It works ok, because we’re all conscientious enough to make notes, and keep coming back to go over things until it all gets covered. But it does get a little wearing, and the nurses were left standing there with a dazed look, saying, “Were you talking about my patient at all, and if you were, did you decide to do anything important?”

Correction to the last post: I guess there was one attending in the group whom I didn’t totally antagonize. If we were playing a game of “pick one attending you’d like to be on the good side of,” I’d have chosen him, since he’s powerful, and has a very sharp tongue when he’s displeased. Actually, I don’t know how, I seem to have impressed him well enough that as I spent the morning stumbling through rounds, he remarked a couple of times: “I know Dr. Alice is a very good resident. In fact, she’s one of the best we’ve had all year. I don’t know what’s happened to her this morning, but I guess we can excuse her for one day.” Mmm, thanks; I suppose there’s a limit to how many days I can work straight, no time off, pushed to the limit, pulled in a dozen different directions for critically ill patients every ten minutes, without starting to crack a little bit. So I picked a good attending to stay friendly with.

In other ways, this day has to have been one of the worst of the year. More than one patient with seriously bad outcomes, which are maybe somehow someone’s fault. I can’t honestly tell whether it’s truly my fault, but I keep getting caught in this whirlpool: I should have done something different, I really should have; could I have changed this? was it physically possible for me to be in enough places to have caught this? I should have known; I should have, I should have. Some of the more senior residents saw me standing still, I guess looking as miserable as I felt, and made some remarks that I shouldn’t get too personally involved with the patients. I told them briefly what had happened, and they backed up. “Well, as bad as that, ok.”

All year, when I breezed through things, the seniors and chiefs have told me, “We’re paranoid, and after you have enough patients get hurt around you, you’ll be paranoid too.” The last month I think does it for me, and especially the last few days. Now I know why the best doctors here are obsessive about every single detail – because you never know which detail is going to come back to bite you, maybe to kill or maim your patient.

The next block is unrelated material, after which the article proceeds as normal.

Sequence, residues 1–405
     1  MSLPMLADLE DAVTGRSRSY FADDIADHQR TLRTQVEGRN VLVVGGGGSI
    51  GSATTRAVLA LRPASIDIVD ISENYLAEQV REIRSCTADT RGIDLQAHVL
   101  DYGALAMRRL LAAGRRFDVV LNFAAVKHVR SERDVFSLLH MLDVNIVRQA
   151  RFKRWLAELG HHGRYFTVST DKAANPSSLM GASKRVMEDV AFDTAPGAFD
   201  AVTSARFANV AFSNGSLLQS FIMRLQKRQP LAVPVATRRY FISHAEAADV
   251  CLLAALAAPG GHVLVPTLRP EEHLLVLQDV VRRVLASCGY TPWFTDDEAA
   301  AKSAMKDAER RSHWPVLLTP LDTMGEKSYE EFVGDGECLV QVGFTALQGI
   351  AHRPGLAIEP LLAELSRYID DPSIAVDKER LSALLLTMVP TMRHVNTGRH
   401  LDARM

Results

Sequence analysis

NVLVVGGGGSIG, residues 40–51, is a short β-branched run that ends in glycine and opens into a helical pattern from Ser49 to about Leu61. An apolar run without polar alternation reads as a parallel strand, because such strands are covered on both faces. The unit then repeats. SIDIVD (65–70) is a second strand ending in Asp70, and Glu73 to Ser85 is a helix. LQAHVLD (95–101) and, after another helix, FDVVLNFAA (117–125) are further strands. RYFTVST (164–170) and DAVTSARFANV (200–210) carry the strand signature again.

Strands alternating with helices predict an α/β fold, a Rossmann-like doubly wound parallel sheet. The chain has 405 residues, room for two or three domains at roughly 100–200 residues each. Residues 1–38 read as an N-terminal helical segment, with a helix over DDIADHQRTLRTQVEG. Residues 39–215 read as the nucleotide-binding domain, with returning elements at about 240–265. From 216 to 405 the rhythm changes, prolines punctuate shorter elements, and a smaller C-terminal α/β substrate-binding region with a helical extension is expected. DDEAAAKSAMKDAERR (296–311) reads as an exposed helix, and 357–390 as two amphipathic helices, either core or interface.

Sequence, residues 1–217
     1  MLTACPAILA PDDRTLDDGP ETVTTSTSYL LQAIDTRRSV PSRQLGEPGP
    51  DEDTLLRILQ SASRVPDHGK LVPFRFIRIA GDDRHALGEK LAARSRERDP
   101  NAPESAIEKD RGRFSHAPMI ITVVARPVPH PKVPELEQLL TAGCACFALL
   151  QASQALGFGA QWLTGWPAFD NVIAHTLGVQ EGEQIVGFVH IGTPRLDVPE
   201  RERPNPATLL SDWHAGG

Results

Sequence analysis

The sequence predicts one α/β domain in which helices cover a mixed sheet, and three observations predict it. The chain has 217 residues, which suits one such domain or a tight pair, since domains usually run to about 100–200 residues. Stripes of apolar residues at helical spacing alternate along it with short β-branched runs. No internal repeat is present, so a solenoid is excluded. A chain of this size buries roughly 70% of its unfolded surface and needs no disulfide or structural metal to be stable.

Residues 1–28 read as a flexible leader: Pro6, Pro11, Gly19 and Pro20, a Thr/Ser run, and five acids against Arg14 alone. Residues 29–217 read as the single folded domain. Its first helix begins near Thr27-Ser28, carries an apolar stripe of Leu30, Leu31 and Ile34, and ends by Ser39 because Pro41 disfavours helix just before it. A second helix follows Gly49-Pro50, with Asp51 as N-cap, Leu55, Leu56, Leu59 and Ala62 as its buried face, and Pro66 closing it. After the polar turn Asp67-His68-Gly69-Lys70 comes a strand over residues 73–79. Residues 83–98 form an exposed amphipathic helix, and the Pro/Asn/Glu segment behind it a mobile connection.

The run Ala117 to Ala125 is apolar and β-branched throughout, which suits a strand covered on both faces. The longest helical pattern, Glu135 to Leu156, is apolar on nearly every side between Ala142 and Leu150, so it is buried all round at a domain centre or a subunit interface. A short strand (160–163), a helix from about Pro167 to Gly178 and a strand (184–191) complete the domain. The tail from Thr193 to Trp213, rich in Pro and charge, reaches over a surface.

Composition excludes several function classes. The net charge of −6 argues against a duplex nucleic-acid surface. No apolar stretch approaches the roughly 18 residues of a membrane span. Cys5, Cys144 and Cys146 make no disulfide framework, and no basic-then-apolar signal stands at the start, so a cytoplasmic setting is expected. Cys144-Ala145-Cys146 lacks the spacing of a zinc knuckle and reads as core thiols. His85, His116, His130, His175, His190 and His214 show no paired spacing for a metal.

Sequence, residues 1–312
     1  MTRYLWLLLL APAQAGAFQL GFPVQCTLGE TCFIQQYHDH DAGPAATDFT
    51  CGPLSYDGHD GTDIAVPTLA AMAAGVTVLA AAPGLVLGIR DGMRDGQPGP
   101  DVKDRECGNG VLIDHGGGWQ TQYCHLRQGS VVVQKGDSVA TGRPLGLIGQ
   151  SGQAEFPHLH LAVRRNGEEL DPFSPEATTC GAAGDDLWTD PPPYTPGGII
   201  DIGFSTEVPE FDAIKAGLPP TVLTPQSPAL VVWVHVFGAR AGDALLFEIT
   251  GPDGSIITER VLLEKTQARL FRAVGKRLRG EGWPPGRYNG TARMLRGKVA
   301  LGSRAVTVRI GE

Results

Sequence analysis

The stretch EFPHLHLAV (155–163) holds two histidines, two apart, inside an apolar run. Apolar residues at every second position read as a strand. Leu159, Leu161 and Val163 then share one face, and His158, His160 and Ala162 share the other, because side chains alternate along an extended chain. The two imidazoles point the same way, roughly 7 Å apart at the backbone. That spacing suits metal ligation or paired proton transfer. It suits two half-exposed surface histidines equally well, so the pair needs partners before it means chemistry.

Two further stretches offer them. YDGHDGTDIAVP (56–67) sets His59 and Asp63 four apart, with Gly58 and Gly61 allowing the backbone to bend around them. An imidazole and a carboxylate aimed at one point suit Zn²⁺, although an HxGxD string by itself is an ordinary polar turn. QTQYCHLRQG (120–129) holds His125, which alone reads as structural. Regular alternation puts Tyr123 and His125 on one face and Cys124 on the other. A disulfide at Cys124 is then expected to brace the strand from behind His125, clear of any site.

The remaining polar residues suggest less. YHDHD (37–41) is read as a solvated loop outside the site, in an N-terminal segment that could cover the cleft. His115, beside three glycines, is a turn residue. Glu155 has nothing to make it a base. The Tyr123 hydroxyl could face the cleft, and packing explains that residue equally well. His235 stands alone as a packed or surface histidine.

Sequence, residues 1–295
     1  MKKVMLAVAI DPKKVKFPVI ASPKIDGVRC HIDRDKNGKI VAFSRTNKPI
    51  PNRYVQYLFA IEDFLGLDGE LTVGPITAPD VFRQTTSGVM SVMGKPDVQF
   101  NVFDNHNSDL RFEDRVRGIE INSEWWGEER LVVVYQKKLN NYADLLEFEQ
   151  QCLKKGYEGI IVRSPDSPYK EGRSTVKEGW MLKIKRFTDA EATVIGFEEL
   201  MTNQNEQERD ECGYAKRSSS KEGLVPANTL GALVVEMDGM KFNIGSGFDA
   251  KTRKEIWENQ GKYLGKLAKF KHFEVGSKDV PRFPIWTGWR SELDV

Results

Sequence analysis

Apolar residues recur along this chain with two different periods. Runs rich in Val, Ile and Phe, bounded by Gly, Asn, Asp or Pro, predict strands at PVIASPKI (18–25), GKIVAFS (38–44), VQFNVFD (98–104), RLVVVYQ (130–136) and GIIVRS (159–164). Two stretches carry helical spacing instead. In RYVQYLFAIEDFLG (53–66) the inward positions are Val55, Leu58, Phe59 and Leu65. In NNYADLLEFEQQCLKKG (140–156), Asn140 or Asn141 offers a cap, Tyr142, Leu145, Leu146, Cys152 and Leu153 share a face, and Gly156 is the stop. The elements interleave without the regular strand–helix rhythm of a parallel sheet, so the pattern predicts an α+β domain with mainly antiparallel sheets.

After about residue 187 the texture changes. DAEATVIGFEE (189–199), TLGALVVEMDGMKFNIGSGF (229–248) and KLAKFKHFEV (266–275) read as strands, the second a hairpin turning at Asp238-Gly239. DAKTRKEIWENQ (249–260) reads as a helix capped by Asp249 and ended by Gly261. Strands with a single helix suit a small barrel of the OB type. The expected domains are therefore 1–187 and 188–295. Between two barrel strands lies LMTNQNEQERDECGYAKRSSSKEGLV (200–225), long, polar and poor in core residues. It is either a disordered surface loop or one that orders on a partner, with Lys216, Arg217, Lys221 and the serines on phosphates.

The best junior residents I’ve watched all year were the ones who came in early and stayed late, even when they were working night shift, or post-call, to double-check on things, and watch over patients till the oncoming team had thoroughly grasped the situation. Now I know what drives them, and I resolve to simply stop caring what time of day it is. I’ll mark my hours how I please, but I’ll stay, every single time, till I know all the details, till the next team knows all the details. Nothing outside of the hospital matters compared to making sure I’ve done the best possible for every person I’m responsible for. I am sick of seeing what can happen when things slip through signout; perhaps more precisely, I’m sick of worrying about whether something slipped.

On the other hand, as I contemplate being on call the Fourth of July (I was expecting that; given the small number of junior residents, and the surgical attitude of “throw them in the deep end and see if anyone figures out how to swim,” I knew I was going to be on call very early in the month), I realize that this month, as nightmarish as it’s been, has made me feel very comfortable with handling all kinds of calls about ICU patients, and semi-comfortable with the prospect of juggling admissions, consults, and disasters by myself. I guess there’s an element of familiarity about it too: I’ve been looking ahead to this kind of responsibility for a year, and I think I know better what’s expected of me (if not what I should expect) than I did heading into internship. (Now if various seniors would just stop making rueful remarks about me being a junior in three days. I can’t tell if they’re serious or not, or how concerned they are.)